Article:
This doesn’t happen often, though I’ve actually bumped into Paul Weller once or twice unexpectedly (in Holland Park and also in the Surrey village of Shere near where I now live), and I’m not talking about concerts, front or back stage, where it’s more likely to happen. But I can’t resist recalling my funniest one… when Steve Tyler surprised me (and a girl he knew) in New York back in the summer of 1975.
It was a Saturday morning when I awoke in the studio apartment on New York’s West Side of my friend Karen, who worked for Aerosmith’s booking agency. We’d been out the night before and wound up back at her place, and in the morning we were woken by the doorbell, so Karen climbed out of bed, slipped into her bathrobe and spoke to whoever was outside on the street. A moment later she put down the entry-phone and turned to me.
“It’s Steven,” she said. “He’s coming up.”
“Steven who?” I asked, sitting up in bed and fumbling for my glasses. I hadn’t a stitch on. My clothes were strewn around the floor, as were hers.
“Tyler. He’s been recording all night and needs a bed.”
“Doesn’t he have a hotel?”
“Yes, but he’d rather sleep here, with me.”
“I don’t blame him. Are you and him er… ?”
“Not really. He just stays here sometimes.”
Indeed, I thought. Well, so do I.
There was a knock on the door and Karen let Steven Tyler in. He was young then, and very eye-catching in a stylish, Jaggeresque, rock-star sort of way, all mouth and hair, sunglasses and silk scarves, and pencil-thin in tight black jeans, yellow t-shirt and velvet jacket the colour of claret. He looked like he was about to kiss her on the lips and pull open her robe, but then he clocked me in her bed on the other side of the apartment and thought better of it. Before he could say anything Karen said, “Hi Steve. This is Chris. He works for Melody Maker, the English music paper.”
“Hello Steve,” I called from across the apartment. I tried to sound cheery. “We’ve met before, with Laura who works for Leber-Krebs.” This was true. Laura Kauffman was the PR at Aerosmith’s management company, and she’d introduced me to Steve Tyler once or twice at Ashley’s, the music industry hang-out on 5th Avenue and 12th Street.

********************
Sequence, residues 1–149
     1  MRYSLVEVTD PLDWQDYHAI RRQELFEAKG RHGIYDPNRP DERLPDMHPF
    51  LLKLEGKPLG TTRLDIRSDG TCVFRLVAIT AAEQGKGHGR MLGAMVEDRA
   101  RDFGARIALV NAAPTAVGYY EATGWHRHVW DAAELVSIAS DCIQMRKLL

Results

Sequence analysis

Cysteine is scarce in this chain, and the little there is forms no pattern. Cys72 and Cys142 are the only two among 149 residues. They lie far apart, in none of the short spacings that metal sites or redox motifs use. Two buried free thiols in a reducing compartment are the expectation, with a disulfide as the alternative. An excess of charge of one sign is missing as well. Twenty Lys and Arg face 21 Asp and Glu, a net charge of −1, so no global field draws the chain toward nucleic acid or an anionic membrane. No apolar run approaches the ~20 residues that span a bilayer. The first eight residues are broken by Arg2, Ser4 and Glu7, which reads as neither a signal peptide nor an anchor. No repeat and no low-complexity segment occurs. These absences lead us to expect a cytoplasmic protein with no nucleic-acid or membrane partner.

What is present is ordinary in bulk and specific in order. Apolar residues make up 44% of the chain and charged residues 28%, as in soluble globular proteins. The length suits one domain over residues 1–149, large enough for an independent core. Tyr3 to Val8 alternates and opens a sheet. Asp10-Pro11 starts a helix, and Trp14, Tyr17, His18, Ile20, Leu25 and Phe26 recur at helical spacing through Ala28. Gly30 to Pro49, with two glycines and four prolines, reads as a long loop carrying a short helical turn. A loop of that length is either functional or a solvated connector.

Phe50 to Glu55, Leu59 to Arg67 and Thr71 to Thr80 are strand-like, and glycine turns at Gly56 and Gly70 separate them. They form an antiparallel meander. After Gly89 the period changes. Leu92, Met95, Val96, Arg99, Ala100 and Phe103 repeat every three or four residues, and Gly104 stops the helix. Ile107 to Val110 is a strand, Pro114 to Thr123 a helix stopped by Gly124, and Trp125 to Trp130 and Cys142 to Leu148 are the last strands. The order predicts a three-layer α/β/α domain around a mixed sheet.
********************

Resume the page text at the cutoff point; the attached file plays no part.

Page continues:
“Oh yeah,” he said, stepping into the apartment. “How’yr doin’?”
Steven looked quizzically at Karen and then at me in her bed, and seemed stuck for words. He was evidently used to meetings with music writers being structured, pre-arranged affairs, not spontaneous, probably unwelcome, surprises like this. Eventually he said: “Karen, I need to use your bathroom.”
He went into Karen’s bathroom – can’t think why – and locked the door. This enabled me to get out of bed and step into my jeans, very quickly. Equally quickly Karen shed her robe and pulled on her knickers and an XL sweat-shirt. “Do you want me to go?” I asked, quietly, so that Steven wouldn’t hear.
“Not really,” she replied. “It’s up to you.”
Karen was making coffee when Steven came out of the bathroom, rubbing his nose – can’t think why. He took in that we were both now half dressed and sat down at the dining table opposite me. We grinned at one another but didn’t speak. It was pretty obvious he wasn’t too delighted to find me here, any more than I was delighted at his arrival. I also got the impression that Karen wasn’t really in the mood to entertain him either, not at 9am on a Saturday anyway. It was a bright, sunny morning and since Karen had no curtains daylight flooded into her apartment.
We drank our coffee and made small talk. Karen joined us around the table, keeping an even distance from us both so as not to appear to be taking sides. She asked how things were going in the studio and Steve said things were going great, as he would in front of a music writer. She asked after the other members of the band and Steve said they were all great. He asked after people he knew at the booking agency and Karen said they were all great. We all smiled at each other. I can’t remember contributing much to the conversation, only that I was determined to sit it out and not abandon my position, not in these circumstances.
As lead singer with the then rapidly up-and–coming Aerosmith, Steve Tyler was obviously more than a match for me in the pulling stakes, but I was here first and was unwilling to relinquish Karen to him, especially as she seemed fairly indifferent to his charms. Indeed, I think she was a bit put out that he’d turned up without warning, taking it for granted that she’d welcome him and invite him to stay. I was tempted to reach out and touch her hand, an affectionate gesture that might communicate “she’s mine now mate”, but thought it unnecessary. About 20 minutes went by before Steve realised I was definitely staying put and lost his patience, so he rose to his feet, a bit reluctantly I think, thanked Karen for the coffee and headed for the door.
“See you ‘round man,” he said in my direction.
“Bye Steve,” I murmured, probably a bit smugly.
Karen walked across the room with him. At the door he pecked her on the cheek, opened it and stepped out. She closed it quietly behind him.
“Thank you for staying,” she said, turning round and walking back towards where I was sat.
“There’s no need to thank me Karen,” I said. “I didn’t want to leave.”
“Thank you anyway,” she said.